The projects taking part in FISSION
will be divided in four categories:
1. Biomedical, Biological and Chemical Sciences
2. Computer Science and Mathematics
3. Ecology and Environmental Science
4. Physical Sciences and Engineering
At FISSION (March 24th) all participants MUST: 1. Be able to present their projects orally before the judges and answer questions on them. Each presentation must be in English and last between 5 and 10 minutes. It is to be followed by a five-minute period in which the jurors can ask questions. Participants who are not confident with their English may use a language helper provided by us. 2. Have a free-standing poster (minimum size - A3). Lettering should be clear and large enough to be seen from a distance. Charts, graphs, photos and drawings should be labelled. Include the names of all group members and the group's number (given upon registration). Additional requirements for it are mentioned below each project type. 3. Additionally: - All who participate with an Experiment must have a lab report of their work* - All who participate with a Working Model must provide a report with the working principles and materials of their model* * Those are needed for the jury to determine the winning project in each type
Choosing a category
Biomedical, Biological and Chemical Sciences - includes:
projects concerning Biology, Chemistry Biochemistry, Biotechnology, Medicine and Pharmacology. Computer Science and Mathematics - includes Informatics, Software Engineering, Digital Electronics, etc., as well as original mathematical explanations. Ecology and Environmental Science - the category includes, but is not limited to projects concerned with modern-day issues such as depleting the ozone layer, pollution of soils, waters and air. Physical Sciences and Engineering - includes disciplines such as Physics, Astrophysics, Astronomy, Nano-science, Chemistry, Materials Science, and Earth Sciences, together with Engineering.
All projects must compete in one category only. Students with projects from intermediate disciplines (Bioinformatics, Biophysics, Neuroscience, Palaeontology), as well projects using methods, or ideas from many areas must choose the category they think their project fits best in.
AVOID USING ANY HAZARDOUS MATERIALS IN YOUR PROJECTS. DO NOT USE ANY LIVING ANIMALS - THAT INCLUDES (BUT IS NOT LIMITED TO) INSECTS, MICE, FISH AND AMPHIBIANS, AND ANYTHING THAT RUNS FASTER THAN YOU AND YOUR PARTNER. IN PROJECTS INVOLVING HUMAN SUBJECTS, MAKE SURE THE VOLUNTEERS WALK AWAY PHYSICALLY AND MENTALLY UNHARMED. If your study requires such materials, please use photos.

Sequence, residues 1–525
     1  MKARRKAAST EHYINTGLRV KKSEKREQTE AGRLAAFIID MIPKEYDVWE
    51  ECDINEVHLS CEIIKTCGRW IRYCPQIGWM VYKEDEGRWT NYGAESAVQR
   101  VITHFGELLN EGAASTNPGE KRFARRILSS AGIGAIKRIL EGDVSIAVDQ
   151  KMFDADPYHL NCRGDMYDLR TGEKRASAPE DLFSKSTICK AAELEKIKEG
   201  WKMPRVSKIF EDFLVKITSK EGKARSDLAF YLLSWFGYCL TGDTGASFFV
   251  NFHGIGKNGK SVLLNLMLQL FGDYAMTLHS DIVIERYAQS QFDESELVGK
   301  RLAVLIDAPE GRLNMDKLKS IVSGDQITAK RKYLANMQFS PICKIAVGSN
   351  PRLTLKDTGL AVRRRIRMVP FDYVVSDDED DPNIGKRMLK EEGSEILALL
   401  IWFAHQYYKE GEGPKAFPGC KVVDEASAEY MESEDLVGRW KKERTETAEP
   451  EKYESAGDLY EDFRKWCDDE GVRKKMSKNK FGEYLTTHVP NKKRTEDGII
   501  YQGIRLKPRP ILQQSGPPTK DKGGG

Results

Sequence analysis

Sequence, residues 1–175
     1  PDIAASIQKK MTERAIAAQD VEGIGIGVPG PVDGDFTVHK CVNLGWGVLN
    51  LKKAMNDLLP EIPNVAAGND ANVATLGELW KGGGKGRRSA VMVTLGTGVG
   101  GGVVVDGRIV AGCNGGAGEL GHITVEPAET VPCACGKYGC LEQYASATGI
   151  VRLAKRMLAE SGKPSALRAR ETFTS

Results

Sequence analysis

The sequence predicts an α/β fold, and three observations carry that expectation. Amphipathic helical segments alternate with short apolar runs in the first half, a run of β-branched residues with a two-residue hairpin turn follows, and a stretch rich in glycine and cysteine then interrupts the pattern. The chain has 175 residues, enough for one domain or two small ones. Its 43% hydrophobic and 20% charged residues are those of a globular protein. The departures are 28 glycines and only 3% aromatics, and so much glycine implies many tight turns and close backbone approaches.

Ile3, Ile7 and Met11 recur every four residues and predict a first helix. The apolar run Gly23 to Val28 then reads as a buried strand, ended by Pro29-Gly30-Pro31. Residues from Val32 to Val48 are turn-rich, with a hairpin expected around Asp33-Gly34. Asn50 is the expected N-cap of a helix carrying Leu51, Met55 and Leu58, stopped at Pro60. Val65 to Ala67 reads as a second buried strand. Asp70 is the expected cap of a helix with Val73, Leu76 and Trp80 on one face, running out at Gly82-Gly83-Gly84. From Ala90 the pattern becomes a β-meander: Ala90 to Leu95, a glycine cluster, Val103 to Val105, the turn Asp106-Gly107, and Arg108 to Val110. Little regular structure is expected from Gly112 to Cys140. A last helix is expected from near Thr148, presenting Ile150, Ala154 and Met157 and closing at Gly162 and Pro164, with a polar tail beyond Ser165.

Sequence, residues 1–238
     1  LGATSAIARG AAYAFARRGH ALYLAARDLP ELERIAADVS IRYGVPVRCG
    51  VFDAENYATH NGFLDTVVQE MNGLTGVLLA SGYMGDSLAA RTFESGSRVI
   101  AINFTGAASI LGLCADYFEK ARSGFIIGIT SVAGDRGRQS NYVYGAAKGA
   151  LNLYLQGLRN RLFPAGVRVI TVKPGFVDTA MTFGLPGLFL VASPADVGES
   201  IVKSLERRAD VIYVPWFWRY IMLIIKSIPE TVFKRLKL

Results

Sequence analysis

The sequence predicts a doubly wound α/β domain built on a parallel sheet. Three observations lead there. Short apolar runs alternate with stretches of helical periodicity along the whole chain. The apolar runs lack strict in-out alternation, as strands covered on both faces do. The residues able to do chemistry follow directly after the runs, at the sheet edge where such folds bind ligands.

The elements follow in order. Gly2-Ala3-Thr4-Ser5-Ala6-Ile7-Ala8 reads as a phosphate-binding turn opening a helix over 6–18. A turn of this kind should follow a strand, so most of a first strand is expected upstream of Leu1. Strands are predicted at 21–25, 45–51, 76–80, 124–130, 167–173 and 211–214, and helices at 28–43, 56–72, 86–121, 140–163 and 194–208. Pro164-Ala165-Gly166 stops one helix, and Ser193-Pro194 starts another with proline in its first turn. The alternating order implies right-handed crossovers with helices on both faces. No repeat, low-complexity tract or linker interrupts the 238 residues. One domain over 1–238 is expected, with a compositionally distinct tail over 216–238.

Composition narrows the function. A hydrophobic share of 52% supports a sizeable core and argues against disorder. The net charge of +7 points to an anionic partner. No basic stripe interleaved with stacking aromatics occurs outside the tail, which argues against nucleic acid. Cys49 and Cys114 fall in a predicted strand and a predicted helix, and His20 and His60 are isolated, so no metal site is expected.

Choosing a Project Type
An experiment is a research of a question and trying to prove an arguable answer of it (a hypothesis). All experiments should have a clearly stated question and an arguable hypothesis (do not try to prove a fact). The question guiding the investigation should be relevant to modern scientific or industrial issues. All participants must have a Lab Report at the fair. It should include the following sections: 1. Abstract (100-200 word summary) 2. Stated research question, hypothesis, variables and constants 3. Background Research 4. Materials 5. Procedure 6. Data and Analysis 7. Discussion 8. Conclusion 9. Further Research Questions
10.References / Work-Cited Page - a MLA-format citations of all the sources of information you used. For more info on, MLA please visit: https://owl.english.purdue.edu/owl/resource/747/01/ or www.easybib.com All experiments authors must have a report at the fair. The Lab Report CAN be incorporated in the poster. It is not mandatory for the presentation to follow exactly, but we recommend communicating the most important points. You can also have a separate copy of the report in the form of a booklet. In the presentation, you need to summarize your research question or hypothesis, the procedure you used for the investigation, the data you collected, the results of your research and what you can conclude from this experiment. You may also mention noteworthy information about the references you consulted, your materials, modifications you made or challenges you experienced, if you would change something if you did this experiment again, or what studies you think should follow this experiment. You can find more information about what each part should include here. Also, feel free to check the example here.
The working model type of projects includes students' inventions that do certain work. The project type includes robots, machines, computer programs, etc. The invention MUST do some work and have some application, which is emphasized on in the presentation. In the presentation, participants need to summarize the background research, the device they are demonstrating and its wider purpose. Incorporate all the capabilities of your model into your presentation. Also discuss the process of construction, the materials, modifications made, challenges experienced, or things you would do different if you were to do this project again. You must also provide a video of your demonstration and explanation. The video should be with you at the fair on a flash drive.
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